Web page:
25 September 2012 | EN
Nepal scientists win global award for their work on wheat stem rust.
[KATHMANDU] Wheat breeders in Nepal have won a global award for their efforts to control the spread of wheat rust, a potentially crippling fungal disease.
The Borlaug Global Rust Initiative (BGRI) honoured five researchers from the Nepal Agricultural Research Council (NARC) at a ceremony in Beijing on 2 September. They received the first gene stewardship award for speedy development and dissemination of rust-resistant wheat strains.
BGRI was founded in 2005 to spearhead global resilience against Ug99, an especially aggressive strain of the fungus that forms lethal red lesions on plant stems and is capable of wiping out entire standing crops in a region.
Ug99 – named for its discovery in Uganda in 1999 – spread to Ethiopia and Kenya, blew across the Arabian peninsula and reached Iran in 2008, threatening South Asia’s wheat crop.
Wheat farming was introduced in Nepal in the 1960s and production has expanded in the mid and far-western regions to be worth US$ 575 million in 2012.
Since the establishment of NARC's National Wheat Research Programme (NWRP) in 1972, over 30 improved wheat varieties have been released and are being used in 97 per cent of fields. The NWRP has supported a sixfold increase in wheat area and a 15-fold increase in production.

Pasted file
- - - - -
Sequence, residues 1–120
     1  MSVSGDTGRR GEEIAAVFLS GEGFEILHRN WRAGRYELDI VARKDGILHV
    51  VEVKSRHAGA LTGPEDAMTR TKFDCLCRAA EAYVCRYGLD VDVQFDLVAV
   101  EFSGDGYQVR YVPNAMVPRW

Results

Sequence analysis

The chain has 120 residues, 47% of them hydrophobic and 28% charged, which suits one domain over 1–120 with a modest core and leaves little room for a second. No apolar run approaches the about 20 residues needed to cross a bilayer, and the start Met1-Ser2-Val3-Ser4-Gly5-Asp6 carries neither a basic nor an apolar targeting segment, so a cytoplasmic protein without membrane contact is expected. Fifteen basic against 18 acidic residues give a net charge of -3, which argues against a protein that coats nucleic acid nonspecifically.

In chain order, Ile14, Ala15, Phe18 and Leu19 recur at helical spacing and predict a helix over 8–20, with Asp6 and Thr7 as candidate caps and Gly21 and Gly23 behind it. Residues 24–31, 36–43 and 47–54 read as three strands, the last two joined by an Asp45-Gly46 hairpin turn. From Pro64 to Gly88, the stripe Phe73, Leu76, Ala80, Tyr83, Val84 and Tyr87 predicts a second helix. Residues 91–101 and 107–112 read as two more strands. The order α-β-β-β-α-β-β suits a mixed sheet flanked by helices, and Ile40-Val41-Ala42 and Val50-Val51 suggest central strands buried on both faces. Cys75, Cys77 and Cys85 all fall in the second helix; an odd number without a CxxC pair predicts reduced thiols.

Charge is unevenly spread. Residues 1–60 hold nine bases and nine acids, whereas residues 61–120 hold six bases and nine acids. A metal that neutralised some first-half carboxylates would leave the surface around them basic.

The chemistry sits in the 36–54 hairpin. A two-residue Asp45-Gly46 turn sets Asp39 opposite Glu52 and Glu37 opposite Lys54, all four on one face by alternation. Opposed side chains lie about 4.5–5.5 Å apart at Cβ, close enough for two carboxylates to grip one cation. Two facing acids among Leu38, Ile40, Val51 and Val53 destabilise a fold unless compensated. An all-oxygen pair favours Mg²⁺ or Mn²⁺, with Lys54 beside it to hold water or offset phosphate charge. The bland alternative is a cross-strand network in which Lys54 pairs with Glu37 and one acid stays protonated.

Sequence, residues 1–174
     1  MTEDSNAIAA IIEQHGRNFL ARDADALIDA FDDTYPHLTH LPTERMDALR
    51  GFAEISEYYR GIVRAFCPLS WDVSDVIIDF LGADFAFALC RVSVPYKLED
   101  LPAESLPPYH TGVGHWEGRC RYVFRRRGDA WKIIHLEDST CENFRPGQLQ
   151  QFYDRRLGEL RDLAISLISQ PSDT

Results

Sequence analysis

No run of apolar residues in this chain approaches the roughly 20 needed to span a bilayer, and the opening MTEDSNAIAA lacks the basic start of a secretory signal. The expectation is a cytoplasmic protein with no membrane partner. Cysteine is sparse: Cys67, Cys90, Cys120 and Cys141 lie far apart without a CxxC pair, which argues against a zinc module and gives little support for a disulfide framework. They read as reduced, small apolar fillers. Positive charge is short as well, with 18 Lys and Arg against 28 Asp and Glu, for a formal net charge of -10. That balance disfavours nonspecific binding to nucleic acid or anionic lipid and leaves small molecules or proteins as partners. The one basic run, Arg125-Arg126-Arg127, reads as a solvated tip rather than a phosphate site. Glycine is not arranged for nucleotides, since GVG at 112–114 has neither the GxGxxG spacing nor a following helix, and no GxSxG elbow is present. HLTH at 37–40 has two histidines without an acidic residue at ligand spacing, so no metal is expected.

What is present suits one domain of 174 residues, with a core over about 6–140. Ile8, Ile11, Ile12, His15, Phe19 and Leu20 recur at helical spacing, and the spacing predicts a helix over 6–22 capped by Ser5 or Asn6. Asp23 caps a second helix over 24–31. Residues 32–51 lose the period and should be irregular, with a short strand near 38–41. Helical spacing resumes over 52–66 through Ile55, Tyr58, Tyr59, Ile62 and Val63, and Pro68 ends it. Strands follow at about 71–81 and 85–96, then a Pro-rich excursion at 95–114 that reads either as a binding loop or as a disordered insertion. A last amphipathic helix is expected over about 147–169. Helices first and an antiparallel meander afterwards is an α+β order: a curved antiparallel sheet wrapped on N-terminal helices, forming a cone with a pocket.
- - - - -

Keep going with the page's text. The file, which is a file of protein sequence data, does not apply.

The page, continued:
NWRP received support from the International Wheat and Maize Improvement Centre (CIMMYT), Mexico, BGRI and several international academic institutions.
Nepal released the first Ug99-resistant variety of high-yielding wheat, named Vijay, in 2010, and has since produced enough seed to cover 5.4 per cent of the crop area in the country.
By protecting itself, Nepal prevents the spread of airborne spores across national boundaries, and thus protects the whole region, explained Arun Kumar Joshi, South Asia regional coordinator for CIMMYT in Kathmandu.
Joshi told SciDev.Net the achievement was commendable for a country where "human, capital and infrastructure resources are weaker compared to many other countries, like India and China."
Nepal's participatory approach expedited delivery, explained Madan Raj Bhatta, senior wheat breeder and a recipient of the award who coordinated the NWRP from 1980-2010. "Before releasing any new variety, it was evaluated in the farmers' fields and farmers' views were collected," Bhatta told SciDev.Net.
His team disseminated several Ug99-resistant seed varieties across 56 of 75 districts, informing farmers of traits and empowering them to select varieties.
Among the 29 competitors for the BGRI award were Kenya – the global hub for Ug99 research – as well as neighbouring Bangladesh, India and China, Joshi said.
Tim Upham ( United States of America )
1 October 2012
It is like when they crossed the DNA of the Chinese chestnut tree with that of the American chestnut tree, they developed a new strain that was resistant to the Asian bark fungus. Thus they were able to replant whole groves that were decimated.
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